Grace to you and peace from God our Father and the Lord Jesus Christ, who gave himself for our sins to deliver us from the present evil age, according to the will of our God and Father, to whom be the glory forever and ever. Amen.
I am astonished that you are so quickly deserting him who called you in the grace of Christ and are turning to a different gospel– not that there is another one, but there are some who trouble you and want to distort the gospel of Christ. But even if we or an angel from heaven should preach to you a gospel contrary to the one we preached to you, let him be accursed. As we have said before, so now I say again: If anyone is preaching to you a gospel contrary to the one you received, let him be accursed. – Galatians 1:1-9
I lived for a couple of years in Macon, Georgia. I met some fine people there. With a city charter in 1823, it’s nearly 100 years older than Oklahoma. This antebellum town was mostly spared from Sherman’s torch. That preserved many interesting historical things to see. I hadn’t lived there very long when little oddities began to catch my eye, such as a water fountain and another one like it some distance away, or at least evidence that another one formerly had been there. I noticed the same with restrooms, entrances, places to sit in churches(!), and so on. In some cases, these separate-but-not-equal constructions had been preserved, while others had been faintly changed. What had not been erased was the grandiose train station (now an event center), where there was carved in the stone on one side: “Colored Waiting Room.” This “room” was covered, but not enclosed. It had functioned that way until 1960.
Imagine if you had gone to Macon in, say, 1940 and begun construction on a building and organization where everyone, black and white and any other variety, could come and enjoy food, drink, help, conversation, education, singing, prayer, and mutual fellowship all together without respect to race, gender, or social class. With a good number of people behind you on this, it became a movement of good news. A growing number of people were helping get this place built. The mission seemed solid enough that you decided to go do it in another state where they hadn’t yet heard about such a wonderful thing.
After you had spent some time in the next state, you received word that back in Macon, some people had come in and said, “No, no, that guy (you!) brought this crazy concept of unity here, but that’s ridiculous. You know how it’s been from the beginning and what works and keeps the peace. We need to alter construction on this building to separate people again. After all, that guy (you!) acted like he was sent here from God, but, please, it’s not like he was an emissary from Washington or something!” And many people were persuaded by these detractors and abandoned your original vision no longer to divide along the lines of gender, race, and social class. How would you feel?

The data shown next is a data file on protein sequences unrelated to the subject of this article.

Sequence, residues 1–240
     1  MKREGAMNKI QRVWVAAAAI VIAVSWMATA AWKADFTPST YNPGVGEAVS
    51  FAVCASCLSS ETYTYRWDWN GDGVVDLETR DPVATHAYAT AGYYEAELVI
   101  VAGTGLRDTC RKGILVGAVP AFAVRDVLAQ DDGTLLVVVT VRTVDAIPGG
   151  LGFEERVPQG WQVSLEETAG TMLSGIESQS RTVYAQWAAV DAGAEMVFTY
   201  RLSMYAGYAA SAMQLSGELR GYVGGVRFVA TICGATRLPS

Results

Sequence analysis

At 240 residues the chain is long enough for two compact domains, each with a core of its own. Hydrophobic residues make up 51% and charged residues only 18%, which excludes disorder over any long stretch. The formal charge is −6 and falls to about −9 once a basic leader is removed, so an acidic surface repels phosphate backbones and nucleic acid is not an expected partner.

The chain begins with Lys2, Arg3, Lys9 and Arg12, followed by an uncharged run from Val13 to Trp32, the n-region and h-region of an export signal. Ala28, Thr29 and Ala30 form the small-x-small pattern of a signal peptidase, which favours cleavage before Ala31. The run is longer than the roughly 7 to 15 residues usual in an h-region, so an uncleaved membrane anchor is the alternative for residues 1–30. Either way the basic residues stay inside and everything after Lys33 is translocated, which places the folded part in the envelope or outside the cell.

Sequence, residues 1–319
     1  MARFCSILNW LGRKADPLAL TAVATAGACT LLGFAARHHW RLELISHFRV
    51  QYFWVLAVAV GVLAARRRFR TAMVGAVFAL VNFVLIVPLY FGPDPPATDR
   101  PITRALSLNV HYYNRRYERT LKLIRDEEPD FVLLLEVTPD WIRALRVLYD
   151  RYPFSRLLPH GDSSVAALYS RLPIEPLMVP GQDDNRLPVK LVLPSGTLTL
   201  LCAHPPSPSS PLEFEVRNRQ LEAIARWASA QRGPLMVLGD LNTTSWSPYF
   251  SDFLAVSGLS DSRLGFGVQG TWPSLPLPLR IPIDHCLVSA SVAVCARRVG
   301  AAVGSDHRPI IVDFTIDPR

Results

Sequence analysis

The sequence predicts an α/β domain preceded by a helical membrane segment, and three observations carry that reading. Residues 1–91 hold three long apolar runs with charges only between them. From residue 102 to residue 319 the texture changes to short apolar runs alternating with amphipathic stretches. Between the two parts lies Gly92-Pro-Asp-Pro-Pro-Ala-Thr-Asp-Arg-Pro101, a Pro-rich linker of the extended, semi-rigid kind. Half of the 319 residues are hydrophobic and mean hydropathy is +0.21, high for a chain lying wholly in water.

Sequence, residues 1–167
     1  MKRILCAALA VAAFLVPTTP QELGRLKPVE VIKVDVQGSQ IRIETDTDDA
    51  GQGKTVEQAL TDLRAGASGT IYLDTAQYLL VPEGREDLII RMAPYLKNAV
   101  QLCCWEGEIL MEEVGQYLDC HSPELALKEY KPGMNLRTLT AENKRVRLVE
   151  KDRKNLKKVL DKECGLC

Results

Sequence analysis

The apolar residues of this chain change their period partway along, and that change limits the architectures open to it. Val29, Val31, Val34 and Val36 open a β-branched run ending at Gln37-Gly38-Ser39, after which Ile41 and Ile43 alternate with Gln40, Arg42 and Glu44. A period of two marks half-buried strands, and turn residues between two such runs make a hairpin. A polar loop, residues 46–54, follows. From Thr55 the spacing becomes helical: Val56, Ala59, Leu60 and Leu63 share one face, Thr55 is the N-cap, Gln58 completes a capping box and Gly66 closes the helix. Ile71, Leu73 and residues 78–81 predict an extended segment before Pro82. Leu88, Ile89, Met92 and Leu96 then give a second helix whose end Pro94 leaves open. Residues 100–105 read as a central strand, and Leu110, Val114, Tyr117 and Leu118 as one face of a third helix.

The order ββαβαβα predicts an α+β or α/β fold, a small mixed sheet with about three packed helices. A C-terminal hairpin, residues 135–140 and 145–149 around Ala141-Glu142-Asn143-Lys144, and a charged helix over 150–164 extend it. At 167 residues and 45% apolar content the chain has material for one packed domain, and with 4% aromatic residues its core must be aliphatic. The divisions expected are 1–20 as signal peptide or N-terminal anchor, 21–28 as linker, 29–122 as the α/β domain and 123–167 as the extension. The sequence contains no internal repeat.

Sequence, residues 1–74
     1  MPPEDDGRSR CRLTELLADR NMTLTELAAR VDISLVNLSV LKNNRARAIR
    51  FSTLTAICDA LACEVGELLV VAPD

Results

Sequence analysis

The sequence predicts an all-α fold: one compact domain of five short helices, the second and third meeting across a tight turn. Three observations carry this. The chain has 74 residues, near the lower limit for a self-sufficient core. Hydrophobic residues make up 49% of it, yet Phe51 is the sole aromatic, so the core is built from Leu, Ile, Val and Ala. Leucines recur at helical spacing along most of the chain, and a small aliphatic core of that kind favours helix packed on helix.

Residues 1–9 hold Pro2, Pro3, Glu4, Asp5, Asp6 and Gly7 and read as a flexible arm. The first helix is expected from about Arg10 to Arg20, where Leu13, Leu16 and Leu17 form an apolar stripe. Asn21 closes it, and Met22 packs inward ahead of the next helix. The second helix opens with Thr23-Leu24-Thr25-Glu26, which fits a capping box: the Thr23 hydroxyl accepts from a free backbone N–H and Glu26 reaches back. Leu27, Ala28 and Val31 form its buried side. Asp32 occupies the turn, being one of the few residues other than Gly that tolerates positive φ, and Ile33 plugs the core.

I think you’d feel like Paul. He establishes that he wasn’t sent to Galatia (central Turkey today) by men, “but through Jesus Christ and God the Father, who raised him from the dead.” And you might be astonished that the good news of deliverance “from the present evil age, according to the will of our God and Father” had been so quickly deserted. His message to them is clear and pointed, “But even if we or an angel from heaven should preach to you a gospel contrary to the one we preached to you, let him be accursed.”
Is the illustration here to the point or a little off? I believe we will find in the book of Galatians that it is spot-on. The good news (the gospel) Paul speaks of is not precisely a system of salvation or a new way of living religiously. The gospel that Paul brought to the Galatians that some were distorting was the announcement that Jesus, the crucified Messiah, is exalted as Lord of the whole world; therefore, He calls into existence a single, worldwide family. If you’re preaching something contrary to that, may you be accursed.
Come hear it preached and enacted in the supper with Jesus this Sunday.